Building blocks of the enterprise


How to improve data management at your agency

State governments keep track of our lives from the day we are born to the day you die. They issue a birth certificate at the beginning, and a death certificate at the end. And in between, governments -- local, state or federal -- maintain important files about income taxes, property taxes, drivers’ licenses, marriage licenses and more. Given that responsibility, and the fact that public tax dollars maintain those records, agencies must deploy technology that manages and protects such data so that government runs more efficiently and securely than without it.

The key to managing and securing this vital data is to deploy and maintain a software-defined storage platform that operates across IT environments regardless of whether they are on-premise, in the cloud or a hybrid of both. It needs to work whether an agency’s operating system is Windows or Linux; whether the data center hardware is from Cisco, Dell or HP; whether the cloud platform is Windows Azure, Amazon’s AWS, Google Cloud or some other provider’s; and whether the applications are running in Docker, some other virtualized container or none at all.  

The right software-defined storage (SDS) platform can smoothly manage any workload on any type of infrastructure -- and in many cases, across a hodgepodge of IT.

We see evidence that the software-defined storage market is about to really take off. A global  SDS market report, released in March, forecast that SDS will see a 28 percent compound annual growth rate in sales by 2025.

What causes IT inefficiencies now is that an agency is served by one storage vendor while files may be served by another vendor. Secondary storage needs may require working with still another storage vendor.

At the same time, agencies are dealing with a data explosion caused by the growth in everything from PCs to smartphones to the internet-of-things phenomenon where everything from cars to refrigerators are being connected to the Internet.

Both private enterprises and government agencies have data management challenges. Businesses must protect the security of their customers’ data, such as credit card records, as much as the government must protect tax records.

But what’s unique about government is the responsibility and accountability for spending taxpayer dollars. Ultimately, agencies are trying to protect their IT assets so taxpayers can rest assured that no one is hacking their IRS account, 401(k) plan or Social Security benefits.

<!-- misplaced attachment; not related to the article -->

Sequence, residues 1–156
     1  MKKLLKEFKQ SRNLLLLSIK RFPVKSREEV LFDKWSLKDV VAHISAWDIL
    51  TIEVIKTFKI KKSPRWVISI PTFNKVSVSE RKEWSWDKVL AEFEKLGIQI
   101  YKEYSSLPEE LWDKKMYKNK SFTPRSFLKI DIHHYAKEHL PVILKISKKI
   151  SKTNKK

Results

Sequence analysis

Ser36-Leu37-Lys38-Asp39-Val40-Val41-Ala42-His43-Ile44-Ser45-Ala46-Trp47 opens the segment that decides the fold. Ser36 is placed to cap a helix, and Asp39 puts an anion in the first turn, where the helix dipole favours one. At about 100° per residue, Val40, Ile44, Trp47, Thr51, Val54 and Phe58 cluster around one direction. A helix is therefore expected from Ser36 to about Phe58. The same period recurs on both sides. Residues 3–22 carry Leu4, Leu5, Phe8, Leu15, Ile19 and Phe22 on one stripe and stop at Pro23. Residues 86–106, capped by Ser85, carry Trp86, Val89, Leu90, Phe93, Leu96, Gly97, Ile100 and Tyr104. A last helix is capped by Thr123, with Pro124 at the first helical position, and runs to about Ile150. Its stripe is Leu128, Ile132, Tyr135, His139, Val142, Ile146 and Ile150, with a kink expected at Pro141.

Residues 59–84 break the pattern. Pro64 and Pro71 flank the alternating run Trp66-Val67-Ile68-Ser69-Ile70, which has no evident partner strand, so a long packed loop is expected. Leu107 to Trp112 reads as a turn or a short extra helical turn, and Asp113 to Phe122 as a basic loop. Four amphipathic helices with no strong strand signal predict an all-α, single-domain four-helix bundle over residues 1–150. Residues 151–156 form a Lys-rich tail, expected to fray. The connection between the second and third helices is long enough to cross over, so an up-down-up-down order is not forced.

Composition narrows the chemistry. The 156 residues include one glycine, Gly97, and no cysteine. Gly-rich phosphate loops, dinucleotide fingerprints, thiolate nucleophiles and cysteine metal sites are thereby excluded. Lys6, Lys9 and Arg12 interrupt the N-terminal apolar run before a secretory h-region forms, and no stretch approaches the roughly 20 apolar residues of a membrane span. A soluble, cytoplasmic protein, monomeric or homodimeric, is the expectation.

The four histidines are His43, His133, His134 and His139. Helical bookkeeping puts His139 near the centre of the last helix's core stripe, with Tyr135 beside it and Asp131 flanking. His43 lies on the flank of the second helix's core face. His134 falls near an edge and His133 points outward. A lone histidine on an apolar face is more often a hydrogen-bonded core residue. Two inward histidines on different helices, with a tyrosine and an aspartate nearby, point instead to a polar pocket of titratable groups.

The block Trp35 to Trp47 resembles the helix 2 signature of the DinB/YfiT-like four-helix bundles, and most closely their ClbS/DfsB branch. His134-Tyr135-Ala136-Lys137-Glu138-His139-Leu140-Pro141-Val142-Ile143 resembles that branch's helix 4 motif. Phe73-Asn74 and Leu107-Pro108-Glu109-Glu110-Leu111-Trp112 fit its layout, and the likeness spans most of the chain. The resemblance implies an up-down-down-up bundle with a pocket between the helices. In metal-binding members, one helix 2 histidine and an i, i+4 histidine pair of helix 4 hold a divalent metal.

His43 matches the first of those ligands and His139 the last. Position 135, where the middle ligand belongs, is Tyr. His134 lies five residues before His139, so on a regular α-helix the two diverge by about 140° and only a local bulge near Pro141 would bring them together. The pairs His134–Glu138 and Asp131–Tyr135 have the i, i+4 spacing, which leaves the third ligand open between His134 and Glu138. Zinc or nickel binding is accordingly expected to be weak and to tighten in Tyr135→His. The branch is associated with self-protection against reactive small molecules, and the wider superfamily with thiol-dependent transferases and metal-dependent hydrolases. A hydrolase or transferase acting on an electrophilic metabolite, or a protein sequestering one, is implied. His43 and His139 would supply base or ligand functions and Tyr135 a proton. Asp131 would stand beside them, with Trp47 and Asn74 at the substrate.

The whole idea behind developing a SDS platform is that the architecture of an agency’s IT resources should seamlessly embrace hardware innovations as they come along. Agencies want to be able to consume storage assets based on application needs, which are constantly evolving.

Most agencies have on-premise compute or storage assets, but as their computing needs grow, they will likely add on cloud capacity. They might not be on a cloud journey today, but migration could be on their 12-month or 18-month road map. If so, they will want to future-proof their storage with modernization in mind.

Adopting a SDS platform also addresses a challenge faced by both government and enterprise customers called mass data fragmentation. When a file system is created, there is free space to store file blocks contiguously. However, as files are added, removed or changed in size, the array of free space becomes fragmented.

Imagine a situation where you, as a consumer, go to to buy some toys for your children. If you next want to buy a sweater for yourself, you don't have to log out of Amazon Toys and log in to Amazon Clothes. A network supported by an SDS platform allows defragmentation, so users only have to log in to once to shop for many different products. Government IT planners must offer taxpayers the same smooth user experience when they are visiting or the website of their state motor vehicles department or city assessor.

Adopting a software-defined storage platform is all about empowering organizations, public or private, to execute their IT plan to include the capabilities that they need in modern day IT, such as security, modernization, audit trails and the ability to support multiple workloads all through a single pane of glass. I believe that this is where technology is heading.

About the Author

Srinivas Lakshman is co-founder and VP of engineering at Hedvig.


  • Records management: Look beyond the NARA mandates

    Pandemic tests electronic records management

    Between the rush enable more virtual collaboration, stalled digitization of archived records and managing records that reside in datasets, records management executives are sorting through new challenges.

  • boy learning at home (Travelpixs/

    Tucson’s community wireless bridges the digital divide

    The city built cell sites at government-owned facilities such as fire departments and libraries that were already connected to Tucson’s existing fiber backbone.

Stay Connected